Project Assumptions and Constraints Explained with Real Life Examples

Assumptions and constraints infographic

In our daily lives, we often make assumptions to support our decisions. However, constraints are obstacles on our path that block our plans and progress. If you are preparing for the PMP Certification exam, you have likely thought about project assumptions and constraints examples. Many projects begin with limited accuracy, and only a few start with adequate certainty. While some issues and facts are known at the beginning, most issues and parameters must be estimated during the planning phase. Successful project managers and business analysts consider the effects of assumptions and constraints while managing their projects. In this article, we will review the key PMP concept: Assumptions vs. Constraints, and discuss common project constraints with examples.

Assumptions vs Constraints

Assumptions and constraints are critical aspects of project management that can influence a project’s performance and outcome. Therefore, project managers strive to identify and document these factors in order to manage them as effectively as possible. Understanding the nature of assumptions and constraints, as well as the key differences between them, is critiacl, as effectively managing them can contribute to a project’s success.

For better understanding let’s analyze the following real-life example;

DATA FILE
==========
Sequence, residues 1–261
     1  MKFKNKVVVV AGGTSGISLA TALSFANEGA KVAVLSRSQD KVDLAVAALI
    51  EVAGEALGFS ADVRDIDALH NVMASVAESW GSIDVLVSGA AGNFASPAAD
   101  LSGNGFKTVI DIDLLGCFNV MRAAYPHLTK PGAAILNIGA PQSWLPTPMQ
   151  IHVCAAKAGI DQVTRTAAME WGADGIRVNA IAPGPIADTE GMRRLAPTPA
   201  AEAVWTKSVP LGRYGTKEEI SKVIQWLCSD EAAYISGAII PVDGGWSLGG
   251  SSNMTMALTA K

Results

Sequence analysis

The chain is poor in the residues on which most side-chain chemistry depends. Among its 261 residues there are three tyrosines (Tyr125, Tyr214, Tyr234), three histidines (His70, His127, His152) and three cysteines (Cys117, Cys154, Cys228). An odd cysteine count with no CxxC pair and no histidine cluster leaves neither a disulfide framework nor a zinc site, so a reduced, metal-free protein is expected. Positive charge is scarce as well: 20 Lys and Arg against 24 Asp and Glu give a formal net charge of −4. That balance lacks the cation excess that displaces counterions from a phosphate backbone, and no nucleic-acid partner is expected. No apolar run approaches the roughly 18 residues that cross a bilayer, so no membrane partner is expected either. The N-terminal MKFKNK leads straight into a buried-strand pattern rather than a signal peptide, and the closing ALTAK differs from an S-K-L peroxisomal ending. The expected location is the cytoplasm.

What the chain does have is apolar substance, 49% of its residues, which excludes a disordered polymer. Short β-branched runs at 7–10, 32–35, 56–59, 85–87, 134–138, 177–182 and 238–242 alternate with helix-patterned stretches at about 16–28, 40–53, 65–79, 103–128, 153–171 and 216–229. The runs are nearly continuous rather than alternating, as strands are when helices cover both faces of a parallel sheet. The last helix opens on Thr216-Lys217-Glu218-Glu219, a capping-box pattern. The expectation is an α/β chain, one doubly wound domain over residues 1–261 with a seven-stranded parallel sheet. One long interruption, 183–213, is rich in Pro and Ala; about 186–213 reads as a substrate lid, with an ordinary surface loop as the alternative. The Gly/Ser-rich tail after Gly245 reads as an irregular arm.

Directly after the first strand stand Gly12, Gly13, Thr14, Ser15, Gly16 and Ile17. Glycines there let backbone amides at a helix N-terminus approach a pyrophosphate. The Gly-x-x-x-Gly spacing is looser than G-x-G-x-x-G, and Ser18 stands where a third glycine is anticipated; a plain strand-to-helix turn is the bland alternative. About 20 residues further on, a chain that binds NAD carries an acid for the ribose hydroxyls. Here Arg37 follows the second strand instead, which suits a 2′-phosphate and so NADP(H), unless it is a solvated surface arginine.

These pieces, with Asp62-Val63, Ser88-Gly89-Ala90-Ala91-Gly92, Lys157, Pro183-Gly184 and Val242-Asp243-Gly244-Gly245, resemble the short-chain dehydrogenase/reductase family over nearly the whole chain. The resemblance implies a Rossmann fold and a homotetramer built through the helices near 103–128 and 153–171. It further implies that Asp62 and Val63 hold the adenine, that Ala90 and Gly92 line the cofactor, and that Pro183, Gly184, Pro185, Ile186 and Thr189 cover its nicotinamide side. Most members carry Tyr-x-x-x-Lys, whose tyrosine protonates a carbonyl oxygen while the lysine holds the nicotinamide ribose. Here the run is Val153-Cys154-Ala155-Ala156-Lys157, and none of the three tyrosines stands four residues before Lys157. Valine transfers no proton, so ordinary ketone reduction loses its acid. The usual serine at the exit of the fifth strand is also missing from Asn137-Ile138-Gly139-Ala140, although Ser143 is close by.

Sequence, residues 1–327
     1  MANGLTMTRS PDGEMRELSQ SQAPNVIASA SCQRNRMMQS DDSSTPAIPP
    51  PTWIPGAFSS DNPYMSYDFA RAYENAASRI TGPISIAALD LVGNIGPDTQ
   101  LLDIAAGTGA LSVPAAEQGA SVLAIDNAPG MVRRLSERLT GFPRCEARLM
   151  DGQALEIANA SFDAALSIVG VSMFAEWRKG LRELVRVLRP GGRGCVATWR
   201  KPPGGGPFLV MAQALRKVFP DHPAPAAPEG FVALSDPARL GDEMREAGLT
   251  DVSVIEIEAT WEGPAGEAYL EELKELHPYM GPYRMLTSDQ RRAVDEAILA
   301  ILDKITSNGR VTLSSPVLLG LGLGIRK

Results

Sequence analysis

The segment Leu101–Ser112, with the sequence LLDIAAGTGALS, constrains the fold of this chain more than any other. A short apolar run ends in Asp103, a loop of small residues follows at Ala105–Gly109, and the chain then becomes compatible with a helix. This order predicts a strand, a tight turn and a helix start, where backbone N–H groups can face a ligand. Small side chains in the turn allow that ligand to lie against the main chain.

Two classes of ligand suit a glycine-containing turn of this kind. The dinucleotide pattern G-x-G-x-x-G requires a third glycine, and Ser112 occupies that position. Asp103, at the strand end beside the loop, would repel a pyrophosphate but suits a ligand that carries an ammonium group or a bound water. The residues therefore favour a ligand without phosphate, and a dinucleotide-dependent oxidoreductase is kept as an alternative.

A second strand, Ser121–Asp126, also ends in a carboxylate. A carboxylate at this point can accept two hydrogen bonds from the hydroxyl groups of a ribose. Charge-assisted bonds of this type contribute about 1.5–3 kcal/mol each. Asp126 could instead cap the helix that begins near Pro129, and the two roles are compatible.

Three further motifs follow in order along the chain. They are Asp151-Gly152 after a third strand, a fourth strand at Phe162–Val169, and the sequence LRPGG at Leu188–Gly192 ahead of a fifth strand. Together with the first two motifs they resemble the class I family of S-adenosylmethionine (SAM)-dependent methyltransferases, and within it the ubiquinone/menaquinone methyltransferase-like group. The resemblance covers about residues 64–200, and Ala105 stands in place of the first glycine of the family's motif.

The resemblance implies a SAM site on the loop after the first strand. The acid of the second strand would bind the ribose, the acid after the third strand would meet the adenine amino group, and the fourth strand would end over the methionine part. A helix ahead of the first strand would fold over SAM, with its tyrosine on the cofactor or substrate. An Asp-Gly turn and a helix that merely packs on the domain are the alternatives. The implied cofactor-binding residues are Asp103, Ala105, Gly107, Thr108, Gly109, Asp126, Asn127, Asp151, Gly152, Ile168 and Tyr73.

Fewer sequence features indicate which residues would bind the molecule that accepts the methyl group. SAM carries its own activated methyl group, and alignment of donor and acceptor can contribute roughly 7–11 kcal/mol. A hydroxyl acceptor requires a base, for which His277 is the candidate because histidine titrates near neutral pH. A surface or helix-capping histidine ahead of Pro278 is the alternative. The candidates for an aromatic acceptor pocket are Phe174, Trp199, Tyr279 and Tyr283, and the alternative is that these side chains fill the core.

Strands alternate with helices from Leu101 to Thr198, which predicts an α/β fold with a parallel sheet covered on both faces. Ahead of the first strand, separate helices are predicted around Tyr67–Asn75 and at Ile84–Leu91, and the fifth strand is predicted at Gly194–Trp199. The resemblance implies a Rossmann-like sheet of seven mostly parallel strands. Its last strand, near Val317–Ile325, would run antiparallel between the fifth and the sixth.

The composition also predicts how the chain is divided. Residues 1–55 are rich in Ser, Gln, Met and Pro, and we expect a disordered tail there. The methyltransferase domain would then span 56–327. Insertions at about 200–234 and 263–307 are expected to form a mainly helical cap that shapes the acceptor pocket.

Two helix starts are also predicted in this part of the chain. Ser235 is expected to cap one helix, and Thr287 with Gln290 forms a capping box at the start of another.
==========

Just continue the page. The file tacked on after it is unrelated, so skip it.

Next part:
Assume that you plan to go on a holiday and booked a flight. You planned to leave your home at 16:00 and reach the airport by 18:00. This is the assumption that you made for reaching the airport.

However everything does not happen as planned.

The most significant constraint is traffic density. It may prevent you to reach the airport on time. In a similar manner, projects have also assumptions and constraints that may effect the project objectives. Therefore, you need to identify and control these factors to complete your project successfully.

Project Assumptions Explanied

An assumption is something that is believed to be true based on our knowledge, experience, and information provided by our team members. These are anticipated events or issues that are expected to occur during our project life cycle.

Assumption analysis is a part of the risk management process. If it is not made properly analyze, it may affect the project’s health. The project management plans need to change if assumptions are verified wrong.

For example, you have assumed that all the consumables will be available during the welding activities. However, they were not available and you didn’t complete the welding activity.

After these examples for assumptions, let’s discuss constraints.

Examples of Project Assumptions

In project management, it is crucial to make correct assumptions for project success because incorrect ones often lead to failure. Below are the some examples of assumptions that may be necessary for project teams to make:

  • Resource Assumptions: The project will not stop due to the lack of resources.
  • Cost Assumptions: During the course of project, unit prices will not increase more than %10.
  • Technology Assumptions: Existing equipments and software are adequate to achieve the planned performance.
  • Schedule Assumptions: Vendors will deliver materials on time.
  • Organizational and Environmental Assumptions: An economic crisis is not expected throughout the country